Embryonic cells sense stiffness in order to form the face reveals Roberto Mayor in Nature article
8 December 2021
Cells in the developing embryo can sense the stiffness of other cells around them, which is key to them moving together to form the face and skull, finds a new study published in Nature by CDB's Professor Roberto Mayor and Dr Adam Shellard.
Chemotaxis, the process by which cells move along a gradient of chemical signals, is the main mechanism to explain directional migration. In this paper, Professor Roberto Mayor (UCL Cell & Developmental Biology) and colleagues show that an additional mechanism called durotaxis is also involved in driving direction migration of neural crest cells in vivo. Durotaxis is the process by which cells follow a gradient of mechanical stiffness, and their data show that the same migrating neural crest cells self-generate a stiffness gradient of front of them. In addition, they identify the mechanism by which chemotaxis synergizes with durotaxis to drive efficient directional cells migration.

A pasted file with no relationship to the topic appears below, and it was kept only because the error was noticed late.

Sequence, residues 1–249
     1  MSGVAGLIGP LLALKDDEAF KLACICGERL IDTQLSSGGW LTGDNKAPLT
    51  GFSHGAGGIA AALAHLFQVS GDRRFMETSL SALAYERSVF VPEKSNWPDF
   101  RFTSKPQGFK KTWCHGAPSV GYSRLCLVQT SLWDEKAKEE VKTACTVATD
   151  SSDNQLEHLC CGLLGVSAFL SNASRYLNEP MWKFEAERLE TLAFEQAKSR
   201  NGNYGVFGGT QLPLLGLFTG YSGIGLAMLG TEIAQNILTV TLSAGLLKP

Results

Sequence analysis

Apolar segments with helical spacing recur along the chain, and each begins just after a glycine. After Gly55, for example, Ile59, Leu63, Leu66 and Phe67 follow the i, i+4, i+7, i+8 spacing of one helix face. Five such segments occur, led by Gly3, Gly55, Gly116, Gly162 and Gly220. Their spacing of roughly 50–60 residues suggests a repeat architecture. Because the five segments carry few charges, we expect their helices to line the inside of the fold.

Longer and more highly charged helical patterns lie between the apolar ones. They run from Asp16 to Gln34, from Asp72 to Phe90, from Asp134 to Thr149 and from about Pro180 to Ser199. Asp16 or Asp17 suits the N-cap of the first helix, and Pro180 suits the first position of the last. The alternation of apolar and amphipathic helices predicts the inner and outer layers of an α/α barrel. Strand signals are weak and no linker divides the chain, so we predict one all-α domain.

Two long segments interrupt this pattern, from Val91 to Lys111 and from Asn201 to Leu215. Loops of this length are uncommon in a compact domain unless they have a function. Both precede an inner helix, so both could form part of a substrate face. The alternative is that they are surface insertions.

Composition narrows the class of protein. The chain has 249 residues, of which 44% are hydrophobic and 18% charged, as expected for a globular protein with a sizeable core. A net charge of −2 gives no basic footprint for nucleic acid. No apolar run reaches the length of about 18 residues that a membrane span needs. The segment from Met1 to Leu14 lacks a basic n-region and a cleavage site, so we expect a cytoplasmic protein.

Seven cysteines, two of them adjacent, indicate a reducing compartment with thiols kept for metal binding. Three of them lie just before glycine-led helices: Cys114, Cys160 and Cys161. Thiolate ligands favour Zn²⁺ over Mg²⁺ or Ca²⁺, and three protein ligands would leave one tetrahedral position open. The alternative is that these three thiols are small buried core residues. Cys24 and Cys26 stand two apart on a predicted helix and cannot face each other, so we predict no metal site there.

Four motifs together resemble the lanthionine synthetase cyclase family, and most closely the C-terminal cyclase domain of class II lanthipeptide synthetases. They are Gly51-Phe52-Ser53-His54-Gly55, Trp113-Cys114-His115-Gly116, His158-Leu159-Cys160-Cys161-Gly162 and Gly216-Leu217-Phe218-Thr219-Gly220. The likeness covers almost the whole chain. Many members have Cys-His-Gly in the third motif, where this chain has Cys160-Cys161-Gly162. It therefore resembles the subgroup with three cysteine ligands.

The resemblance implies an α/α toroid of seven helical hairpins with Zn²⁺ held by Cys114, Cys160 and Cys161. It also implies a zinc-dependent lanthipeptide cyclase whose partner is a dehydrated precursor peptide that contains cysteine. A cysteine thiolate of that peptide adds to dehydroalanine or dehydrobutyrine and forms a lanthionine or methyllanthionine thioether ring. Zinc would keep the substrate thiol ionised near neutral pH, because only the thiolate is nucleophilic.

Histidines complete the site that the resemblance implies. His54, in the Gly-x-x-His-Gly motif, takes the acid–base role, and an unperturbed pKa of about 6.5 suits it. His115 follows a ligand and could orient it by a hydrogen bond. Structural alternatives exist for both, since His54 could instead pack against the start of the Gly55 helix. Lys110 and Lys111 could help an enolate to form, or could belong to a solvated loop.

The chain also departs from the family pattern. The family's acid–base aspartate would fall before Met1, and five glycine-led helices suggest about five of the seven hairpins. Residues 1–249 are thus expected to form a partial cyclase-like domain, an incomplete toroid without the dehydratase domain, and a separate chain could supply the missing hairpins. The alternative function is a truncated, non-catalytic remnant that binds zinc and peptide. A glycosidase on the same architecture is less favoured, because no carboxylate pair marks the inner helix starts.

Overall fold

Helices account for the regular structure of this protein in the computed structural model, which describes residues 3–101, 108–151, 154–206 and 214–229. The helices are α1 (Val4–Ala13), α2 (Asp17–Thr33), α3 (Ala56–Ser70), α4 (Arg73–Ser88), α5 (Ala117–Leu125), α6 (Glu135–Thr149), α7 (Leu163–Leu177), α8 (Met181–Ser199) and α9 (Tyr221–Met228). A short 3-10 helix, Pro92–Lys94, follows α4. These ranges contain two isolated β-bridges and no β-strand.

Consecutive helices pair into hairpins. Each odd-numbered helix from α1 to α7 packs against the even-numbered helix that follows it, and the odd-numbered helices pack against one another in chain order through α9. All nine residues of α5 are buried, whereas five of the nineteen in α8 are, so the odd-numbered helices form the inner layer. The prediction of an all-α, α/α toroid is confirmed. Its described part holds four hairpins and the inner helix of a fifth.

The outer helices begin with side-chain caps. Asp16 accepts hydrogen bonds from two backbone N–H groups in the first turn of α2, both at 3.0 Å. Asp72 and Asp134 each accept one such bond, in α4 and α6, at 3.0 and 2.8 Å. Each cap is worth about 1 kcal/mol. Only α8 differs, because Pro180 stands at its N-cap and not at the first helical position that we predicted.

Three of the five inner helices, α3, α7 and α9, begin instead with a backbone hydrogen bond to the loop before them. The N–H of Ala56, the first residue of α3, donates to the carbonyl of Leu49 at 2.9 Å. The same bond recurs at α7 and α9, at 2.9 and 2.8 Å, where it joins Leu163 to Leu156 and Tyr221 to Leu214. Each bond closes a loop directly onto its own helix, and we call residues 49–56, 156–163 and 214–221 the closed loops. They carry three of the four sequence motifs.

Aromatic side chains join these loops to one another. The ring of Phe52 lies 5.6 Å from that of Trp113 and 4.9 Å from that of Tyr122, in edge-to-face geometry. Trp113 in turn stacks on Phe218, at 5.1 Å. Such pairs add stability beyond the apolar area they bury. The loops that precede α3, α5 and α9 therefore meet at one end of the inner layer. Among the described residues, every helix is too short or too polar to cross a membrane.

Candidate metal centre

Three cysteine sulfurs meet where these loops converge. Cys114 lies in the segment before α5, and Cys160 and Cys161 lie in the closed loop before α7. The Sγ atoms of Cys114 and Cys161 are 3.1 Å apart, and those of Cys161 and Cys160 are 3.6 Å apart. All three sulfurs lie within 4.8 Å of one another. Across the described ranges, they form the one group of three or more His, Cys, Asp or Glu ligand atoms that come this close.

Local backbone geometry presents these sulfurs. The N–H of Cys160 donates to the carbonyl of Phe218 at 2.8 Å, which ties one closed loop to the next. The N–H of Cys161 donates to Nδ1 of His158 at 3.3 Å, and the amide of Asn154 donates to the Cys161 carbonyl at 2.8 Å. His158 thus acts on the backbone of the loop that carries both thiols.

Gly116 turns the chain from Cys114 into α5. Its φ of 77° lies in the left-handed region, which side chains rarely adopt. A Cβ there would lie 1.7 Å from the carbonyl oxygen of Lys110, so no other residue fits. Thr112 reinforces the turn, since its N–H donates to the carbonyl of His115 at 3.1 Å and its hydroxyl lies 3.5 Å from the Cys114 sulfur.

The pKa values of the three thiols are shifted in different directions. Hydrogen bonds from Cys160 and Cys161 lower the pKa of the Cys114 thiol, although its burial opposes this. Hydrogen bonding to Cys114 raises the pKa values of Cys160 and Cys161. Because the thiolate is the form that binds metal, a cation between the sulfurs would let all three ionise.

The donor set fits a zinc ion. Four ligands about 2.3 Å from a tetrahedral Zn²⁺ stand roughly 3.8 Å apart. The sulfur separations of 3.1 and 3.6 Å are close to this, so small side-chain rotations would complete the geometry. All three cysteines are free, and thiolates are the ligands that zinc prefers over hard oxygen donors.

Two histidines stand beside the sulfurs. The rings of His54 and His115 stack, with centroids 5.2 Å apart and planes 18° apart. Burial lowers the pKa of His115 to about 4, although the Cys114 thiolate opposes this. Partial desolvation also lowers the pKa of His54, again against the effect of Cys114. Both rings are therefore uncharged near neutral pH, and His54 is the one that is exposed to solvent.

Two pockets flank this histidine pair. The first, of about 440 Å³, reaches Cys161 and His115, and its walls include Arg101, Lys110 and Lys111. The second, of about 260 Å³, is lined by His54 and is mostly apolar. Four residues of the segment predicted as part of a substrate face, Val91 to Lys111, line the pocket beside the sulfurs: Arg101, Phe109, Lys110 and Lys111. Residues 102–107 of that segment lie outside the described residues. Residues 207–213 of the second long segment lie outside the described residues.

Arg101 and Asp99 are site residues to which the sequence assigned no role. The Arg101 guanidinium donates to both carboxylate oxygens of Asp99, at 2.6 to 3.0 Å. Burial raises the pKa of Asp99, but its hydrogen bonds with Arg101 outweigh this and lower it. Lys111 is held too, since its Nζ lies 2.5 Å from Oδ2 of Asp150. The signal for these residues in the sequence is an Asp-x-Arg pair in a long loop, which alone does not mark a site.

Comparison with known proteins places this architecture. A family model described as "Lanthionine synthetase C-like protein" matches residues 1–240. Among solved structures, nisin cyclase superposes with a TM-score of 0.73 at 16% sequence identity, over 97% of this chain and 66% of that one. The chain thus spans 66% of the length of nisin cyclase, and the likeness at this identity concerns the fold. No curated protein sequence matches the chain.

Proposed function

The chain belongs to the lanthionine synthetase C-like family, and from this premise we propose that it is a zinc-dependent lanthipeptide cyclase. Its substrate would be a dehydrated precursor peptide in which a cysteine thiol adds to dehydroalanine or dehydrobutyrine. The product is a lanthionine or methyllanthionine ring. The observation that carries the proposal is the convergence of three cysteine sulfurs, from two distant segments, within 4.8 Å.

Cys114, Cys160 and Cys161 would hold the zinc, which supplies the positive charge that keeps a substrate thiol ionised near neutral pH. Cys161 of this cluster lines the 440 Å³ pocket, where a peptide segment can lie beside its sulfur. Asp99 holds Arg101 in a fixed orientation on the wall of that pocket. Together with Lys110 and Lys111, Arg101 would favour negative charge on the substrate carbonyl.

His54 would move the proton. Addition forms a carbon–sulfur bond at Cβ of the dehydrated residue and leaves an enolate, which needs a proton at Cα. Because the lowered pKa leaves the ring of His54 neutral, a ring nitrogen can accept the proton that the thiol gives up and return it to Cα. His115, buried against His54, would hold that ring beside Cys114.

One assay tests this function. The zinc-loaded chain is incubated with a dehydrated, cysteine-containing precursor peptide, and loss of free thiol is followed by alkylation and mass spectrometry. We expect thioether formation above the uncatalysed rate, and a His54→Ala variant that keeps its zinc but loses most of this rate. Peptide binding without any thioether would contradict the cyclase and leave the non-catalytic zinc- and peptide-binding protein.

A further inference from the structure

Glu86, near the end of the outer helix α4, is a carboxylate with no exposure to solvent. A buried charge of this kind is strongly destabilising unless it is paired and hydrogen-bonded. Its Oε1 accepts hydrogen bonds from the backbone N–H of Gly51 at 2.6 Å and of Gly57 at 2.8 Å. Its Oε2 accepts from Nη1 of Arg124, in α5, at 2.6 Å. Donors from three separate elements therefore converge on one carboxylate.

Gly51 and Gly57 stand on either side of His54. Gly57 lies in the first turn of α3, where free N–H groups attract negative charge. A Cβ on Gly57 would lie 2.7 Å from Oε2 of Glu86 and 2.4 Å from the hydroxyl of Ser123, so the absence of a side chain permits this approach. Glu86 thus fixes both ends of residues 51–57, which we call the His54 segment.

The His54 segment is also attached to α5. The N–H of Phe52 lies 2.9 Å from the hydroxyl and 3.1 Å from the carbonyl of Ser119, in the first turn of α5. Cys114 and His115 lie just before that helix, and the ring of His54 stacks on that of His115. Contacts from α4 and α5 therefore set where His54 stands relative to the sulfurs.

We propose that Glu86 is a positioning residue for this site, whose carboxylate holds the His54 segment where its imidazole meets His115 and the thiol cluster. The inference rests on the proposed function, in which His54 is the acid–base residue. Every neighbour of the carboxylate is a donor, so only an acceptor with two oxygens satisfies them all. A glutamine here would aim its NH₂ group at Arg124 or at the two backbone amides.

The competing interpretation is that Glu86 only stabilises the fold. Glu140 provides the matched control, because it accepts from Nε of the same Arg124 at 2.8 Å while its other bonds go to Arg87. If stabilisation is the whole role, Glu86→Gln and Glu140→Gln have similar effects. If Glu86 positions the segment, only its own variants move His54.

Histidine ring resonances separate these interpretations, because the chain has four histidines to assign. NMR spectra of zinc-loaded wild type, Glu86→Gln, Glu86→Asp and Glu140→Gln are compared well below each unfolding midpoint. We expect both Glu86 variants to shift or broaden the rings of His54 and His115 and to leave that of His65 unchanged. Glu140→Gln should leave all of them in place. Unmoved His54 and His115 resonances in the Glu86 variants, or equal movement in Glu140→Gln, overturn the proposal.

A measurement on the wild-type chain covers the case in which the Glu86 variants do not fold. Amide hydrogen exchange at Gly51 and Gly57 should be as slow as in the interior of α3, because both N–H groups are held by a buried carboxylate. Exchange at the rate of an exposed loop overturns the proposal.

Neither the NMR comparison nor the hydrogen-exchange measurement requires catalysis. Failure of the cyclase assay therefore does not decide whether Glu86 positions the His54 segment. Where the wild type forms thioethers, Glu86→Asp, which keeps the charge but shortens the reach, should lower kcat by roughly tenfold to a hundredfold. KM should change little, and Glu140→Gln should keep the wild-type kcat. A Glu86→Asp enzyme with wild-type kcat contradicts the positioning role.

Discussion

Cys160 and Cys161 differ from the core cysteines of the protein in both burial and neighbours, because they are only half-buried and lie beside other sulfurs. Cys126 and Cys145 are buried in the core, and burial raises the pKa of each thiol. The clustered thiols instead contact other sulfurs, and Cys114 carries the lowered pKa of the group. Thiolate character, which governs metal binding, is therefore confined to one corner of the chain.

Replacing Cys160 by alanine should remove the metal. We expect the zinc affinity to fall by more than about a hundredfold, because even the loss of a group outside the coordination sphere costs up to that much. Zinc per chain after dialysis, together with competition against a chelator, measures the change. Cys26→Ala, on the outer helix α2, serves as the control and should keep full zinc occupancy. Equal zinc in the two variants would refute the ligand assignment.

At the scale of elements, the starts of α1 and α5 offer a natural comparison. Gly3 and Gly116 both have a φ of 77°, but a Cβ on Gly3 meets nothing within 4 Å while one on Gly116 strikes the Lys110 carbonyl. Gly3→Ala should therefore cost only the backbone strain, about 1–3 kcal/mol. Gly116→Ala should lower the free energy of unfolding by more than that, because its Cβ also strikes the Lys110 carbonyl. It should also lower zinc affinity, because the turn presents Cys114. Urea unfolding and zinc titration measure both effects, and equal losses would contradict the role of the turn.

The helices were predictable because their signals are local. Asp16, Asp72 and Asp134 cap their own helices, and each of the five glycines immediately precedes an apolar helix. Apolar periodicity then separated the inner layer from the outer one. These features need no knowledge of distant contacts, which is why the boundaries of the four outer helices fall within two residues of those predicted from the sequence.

Co-author Dr Adam Shellard (UCL Cell & Developmental Biology) said, “this newly identified behaviour is likely to be found not only in the cells that form our face, but in the cells that forms all our organs, and could play a central role in the dissemination of cancer cells during metastasis which hijack the behaviour. Understanding how these cells move is an important step toward developing therapies for craniofacial malformations and cancer progression.”
The study was supported by the Medical Research Council, the Biotechnology and Biological Sciences Research Council, and the Wellcome Trust.
- Shellard A and Mayor R. (2021). “Collective durotaxis along a self-generated stiffness gradient in vivo”. Nature
- Prof Roberto Mayor's lab page
- Illustration of neural crest (shown in blue) on a substrate. Credit: Ella Maru Studio/Mayor lab